THE COUNTRYSIDE Alliance will on Friday (Nov 19) deliver its legal challenge to the validity of the Parliament Act to the High Court.
The CA has been preparing the challenge for some time since it became apparent the government was prepared to force the Hunting Bill on to the statute books using the Parliament Act.
During a late-night session on Tue (Nov 16) MPs voted by 321 to 204 against a deal that would have allowed the regulated hunting of foxes to continue.
Earlier in the day MPs voted overwhelmingly by 343 to 175 against the Lords‘ amended Bill that would have allowed for licensed hunting of foxes, stags and hares.
The CA delivered notification to the Attorney General, Lord Goldsmith, on Tue detailing its intention to challenge the Parliament Act 1949 should the government pursue its threat to use the Act.
“The series of Parliamentary challenges are now over and we now move on to the legal challenges,” said Simon Hart, chief executive of the CA.
“The challenge to the Parliament Act should receive its first hearing during Jan 2005 and we would hope for a mid-year conclusion.”
To date the CA has managed to raise about £2.5m in preparation for legal proceedings which also include a challenge to the Human Rights Act on the basis that the Bill makes no provision for compensation.
Although the CA is prepared to fight a case under the Human Rights Act, it will not be able to take its challenge to the European Court of Human Rights in Strasbourg until the Bill comes into effect.
Anti-hunt MP Tony Banks was not concerned by the CA‘s intentions.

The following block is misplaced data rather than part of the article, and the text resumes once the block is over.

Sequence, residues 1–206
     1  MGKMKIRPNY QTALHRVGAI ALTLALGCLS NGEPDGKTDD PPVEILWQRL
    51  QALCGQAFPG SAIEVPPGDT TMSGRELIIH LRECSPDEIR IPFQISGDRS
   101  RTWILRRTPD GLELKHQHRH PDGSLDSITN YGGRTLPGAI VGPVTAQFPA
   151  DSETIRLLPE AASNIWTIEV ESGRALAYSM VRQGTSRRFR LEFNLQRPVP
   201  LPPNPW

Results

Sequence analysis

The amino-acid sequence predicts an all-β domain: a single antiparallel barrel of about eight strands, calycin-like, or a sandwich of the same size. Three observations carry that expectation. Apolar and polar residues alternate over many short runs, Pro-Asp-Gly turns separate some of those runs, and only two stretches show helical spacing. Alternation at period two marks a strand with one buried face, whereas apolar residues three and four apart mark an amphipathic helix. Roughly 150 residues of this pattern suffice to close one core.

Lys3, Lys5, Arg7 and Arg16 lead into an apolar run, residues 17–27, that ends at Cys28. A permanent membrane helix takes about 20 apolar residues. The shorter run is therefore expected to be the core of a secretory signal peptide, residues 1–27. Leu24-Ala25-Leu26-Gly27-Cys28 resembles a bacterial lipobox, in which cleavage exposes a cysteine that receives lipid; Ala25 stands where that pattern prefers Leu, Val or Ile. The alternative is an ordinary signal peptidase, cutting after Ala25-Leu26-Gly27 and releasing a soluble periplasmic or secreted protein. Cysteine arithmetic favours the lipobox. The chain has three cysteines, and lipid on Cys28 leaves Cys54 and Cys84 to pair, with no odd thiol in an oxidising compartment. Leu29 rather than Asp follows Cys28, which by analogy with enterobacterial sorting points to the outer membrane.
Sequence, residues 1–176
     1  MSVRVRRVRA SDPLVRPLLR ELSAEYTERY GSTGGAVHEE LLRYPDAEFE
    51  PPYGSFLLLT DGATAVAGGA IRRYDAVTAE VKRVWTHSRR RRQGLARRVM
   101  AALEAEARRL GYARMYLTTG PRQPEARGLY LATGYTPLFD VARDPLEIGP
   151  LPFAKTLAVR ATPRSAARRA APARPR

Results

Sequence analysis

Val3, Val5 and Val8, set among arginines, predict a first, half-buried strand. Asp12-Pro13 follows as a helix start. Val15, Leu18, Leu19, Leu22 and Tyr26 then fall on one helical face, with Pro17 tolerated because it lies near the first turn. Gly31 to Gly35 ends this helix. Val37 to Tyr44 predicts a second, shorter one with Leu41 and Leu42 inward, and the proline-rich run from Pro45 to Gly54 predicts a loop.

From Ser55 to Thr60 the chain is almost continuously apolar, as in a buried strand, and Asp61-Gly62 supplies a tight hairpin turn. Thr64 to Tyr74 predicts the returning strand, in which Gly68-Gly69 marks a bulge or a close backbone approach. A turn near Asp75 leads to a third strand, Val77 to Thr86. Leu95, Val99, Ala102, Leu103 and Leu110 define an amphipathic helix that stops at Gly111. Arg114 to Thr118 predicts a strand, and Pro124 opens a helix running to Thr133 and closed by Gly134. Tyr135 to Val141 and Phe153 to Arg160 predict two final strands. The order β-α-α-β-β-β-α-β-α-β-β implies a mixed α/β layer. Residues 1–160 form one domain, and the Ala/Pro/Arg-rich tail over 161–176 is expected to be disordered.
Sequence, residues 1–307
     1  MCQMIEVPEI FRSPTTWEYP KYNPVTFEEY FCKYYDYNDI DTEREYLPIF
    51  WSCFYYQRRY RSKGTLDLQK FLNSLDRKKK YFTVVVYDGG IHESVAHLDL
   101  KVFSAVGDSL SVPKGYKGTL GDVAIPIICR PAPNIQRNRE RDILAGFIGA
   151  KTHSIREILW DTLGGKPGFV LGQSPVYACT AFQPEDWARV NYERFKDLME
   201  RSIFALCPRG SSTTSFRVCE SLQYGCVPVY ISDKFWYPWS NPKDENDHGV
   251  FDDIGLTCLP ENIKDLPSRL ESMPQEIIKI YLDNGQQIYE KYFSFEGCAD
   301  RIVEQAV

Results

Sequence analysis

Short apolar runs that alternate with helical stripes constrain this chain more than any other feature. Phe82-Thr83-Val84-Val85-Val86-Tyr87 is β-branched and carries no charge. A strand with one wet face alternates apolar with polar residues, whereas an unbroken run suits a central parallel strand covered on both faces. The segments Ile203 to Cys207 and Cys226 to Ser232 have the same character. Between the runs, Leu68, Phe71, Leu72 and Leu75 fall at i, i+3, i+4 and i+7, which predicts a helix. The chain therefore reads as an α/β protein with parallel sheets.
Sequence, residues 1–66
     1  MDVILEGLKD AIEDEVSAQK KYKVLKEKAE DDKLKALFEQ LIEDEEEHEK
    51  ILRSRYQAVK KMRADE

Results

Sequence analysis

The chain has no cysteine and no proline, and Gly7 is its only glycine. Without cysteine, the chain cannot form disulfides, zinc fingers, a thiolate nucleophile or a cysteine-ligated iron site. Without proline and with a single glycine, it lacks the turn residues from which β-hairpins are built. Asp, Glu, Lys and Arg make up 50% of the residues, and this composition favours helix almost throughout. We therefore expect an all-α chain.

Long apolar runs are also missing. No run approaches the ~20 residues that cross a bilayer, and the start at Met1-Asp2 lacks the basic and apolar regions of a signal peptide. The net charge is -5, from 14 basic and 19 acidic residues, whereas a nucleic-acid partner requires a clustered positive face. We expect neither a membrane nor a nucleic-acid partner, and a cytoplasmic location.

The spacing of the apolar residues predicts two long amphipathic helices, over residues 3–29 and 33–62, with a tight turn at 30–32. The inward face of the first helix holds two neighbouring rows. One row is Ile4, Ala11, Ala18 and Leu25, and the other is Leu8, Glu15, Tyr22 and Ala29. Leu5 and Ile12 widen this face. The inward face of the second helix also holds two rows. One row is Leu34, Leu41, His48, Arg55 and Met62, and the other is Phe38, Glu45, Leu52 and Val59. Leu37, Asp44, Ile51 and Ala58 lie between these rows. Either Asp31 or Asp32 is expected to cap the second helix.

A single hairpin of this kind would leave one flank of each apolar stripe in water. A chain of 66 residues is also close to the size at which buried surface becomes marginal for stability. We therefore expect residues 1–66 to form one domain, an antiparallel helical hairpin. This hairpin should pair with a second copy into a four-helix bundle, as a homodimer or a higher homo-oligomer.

“Parliament is the highest court. There is no superior court,” he said.
“If they want to spend their money, good luck to them – I‘m sure they will find a lawyer who will take it.”
Mr Hart also warned those who enjoyed shooting and fishing not to trust the government when it said it did not intend to ban those pursuits.
“Anybody who hopes the government can be relied on to protect shooting and fishing should beware of backbenchers who will stop at nothing to get their way.”
“Those who watched the debate in the Commons on Tuesday should be under no illusion – this was an attack on rural Britain.”
On Thurs (Nov 18) the rual affairs minister, Alun Michael, introduced an amendment that would delay the introduction of the ban for 18-months until July 2006.
Fearful that a deal had been struck anti-hunting MPs reacted angrily, but eventually accepted the amendment.
But the Lords, unwilling to pass the motion which would delay the ban until after the general election rejected the proposal by 153 votes to 114 meaning the ban will come in to effect on Feb 18 2005.